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Video Scheduler Internal error: 5 Fixes

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Windows is one of the most popular operating systems on the planet right now, and Microsoft has spent decades perfecting it to make it into what it is today. However, it still isn’t without its problems.

In this article, we’re looking at the video scheduler internal error, its causes and how you can fix the error.

What causes Video Scheduler Internal error?

While the error itself is somewhat cryptic, it’s most likely caused by changes in software/hardware, a malware or virus infection, corrupted registry settings or incorrect changes in the registry, an overclocked GPU, outdated GPU drivers, or some corruption of system files.

In most cases, when you encounter the error, your PC will become unresponsive, and chances are you will see a BSOD, which makes it all the more important to get the issue resolved as soon as possible. 

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How to fix the Video Scheduler Internal error?

Here are a few solutions you can try out to fix the Video Scheduler Internal error.

Run the Check Disk utility

The BSOD can very well be a sign of your boot drive failing to perform as it should. Try running the check disk utility to check whether or not your storage drives are, in fact, functional. 

You can refer to our detailed guide here on how to run the check disk utility.

Uninstall recently installed programs

Next up on the list is removing any programs you have installed recently. Often a program installed with admin privileges can cause conflicts with Windows’ functioning leading to a BSOD or other less severe errors.

Run an SFC scan

Corrupt files are the number one reason why your PC might be behaving weirdly. Here’s how you can get rid of them and potentially resolve your issue. 

Step 1: Press Windows Key + S to bring up the Cortana/Search box and search for Powershell. Open Windows Powershell from the search results.

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Step 2: Type sfc /scannow to scan your system for issues.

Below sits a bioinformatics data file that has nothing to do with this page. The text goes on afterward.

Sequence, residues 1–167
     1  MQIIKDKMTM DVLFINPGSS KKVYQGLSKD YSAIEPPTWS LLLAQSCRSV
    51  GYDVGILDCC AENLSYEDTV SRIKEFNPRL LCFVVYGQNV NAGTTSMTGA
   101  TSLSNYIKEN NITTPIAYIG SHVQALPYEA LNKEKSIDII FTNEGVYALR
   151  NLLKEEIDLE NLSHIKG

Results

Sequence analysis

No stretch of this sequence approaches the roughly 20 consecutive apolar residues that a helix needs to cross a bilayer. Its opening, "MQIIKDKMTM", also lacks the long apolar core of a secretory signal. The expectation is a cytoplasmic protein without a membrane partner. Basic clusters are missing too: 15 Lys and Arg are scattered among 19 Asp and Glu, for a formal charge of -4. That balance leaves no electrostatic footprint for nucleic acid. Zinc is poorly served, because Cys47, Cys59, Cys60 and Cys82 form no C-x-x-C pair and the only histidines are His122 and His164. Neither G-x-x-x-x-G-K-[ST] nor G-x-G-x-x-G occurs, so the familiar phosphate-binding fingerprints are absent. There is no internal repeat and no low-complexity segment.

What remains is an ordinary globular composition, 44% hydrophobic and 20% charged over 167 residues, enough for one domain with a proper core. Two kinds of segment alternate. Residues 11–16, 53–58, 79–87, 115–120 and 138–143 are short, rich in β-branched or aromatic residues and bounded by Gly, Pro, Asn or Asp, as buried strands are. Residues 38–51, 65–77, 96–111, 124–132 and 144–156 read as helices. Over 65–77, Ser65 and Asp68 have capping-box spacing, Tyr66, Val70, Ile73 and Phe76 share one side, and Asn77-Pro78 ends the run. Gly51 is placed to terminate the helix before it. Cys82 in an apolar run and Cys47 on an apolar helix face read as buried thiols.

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Step 3: If the SFC scan finds any problem, use the following command to resolve them. 

DISM /Online /Cleanup-Image /RestoreHealth
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Restart your PC, and the error should’ve been resolved. If that doesn’t help, you can also run a DISM scan to fix any other errors by using this guide

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Update your GPU drivers 

Outdated GPU drivers can also cause this issue in particular. While you should update all your drivers, take special care of your display drivers if you run into an error like this. 

Step 1: Right-click Start and select Device Manager from the menu.

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Step 2: Under Display Adaptors, find your graphics card’s name, right-click on it and click on Update Drivers.

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Step 3: Click on Search automatically for drivers. Windows will then automatically look for and download the latest drivers for your particular GPU.

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While this should help resolve the error, in case it doesn’t, click Uninstall device and restart your PC to force Windows to install the required drivers. You can then update them later. Alternatively, you can also remove your GPU and reinsert it if you can. 

Update your OS

The first thing to do in such situations is to make sure your OS is up to date. Developers usually diagnose these issues based on insider reports or feedback from customers and issue fixes or patches in the form of updates. Check to make sure you’ve got the latest update installed on your system.

You can check out our detailed guide on how to update Windows here. 

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Yadullah Abidi

Yadullah is a Computer Science graduate who writes/edits/shoots/codes all things cybersecurity, gaming, and tech hardware. When he's not, he streams himself racing virtual cars. He's been writing and reporting on tech and cybersecurity with websites like Candid.Technology and MakeUseOf since 2018. You can contact him here: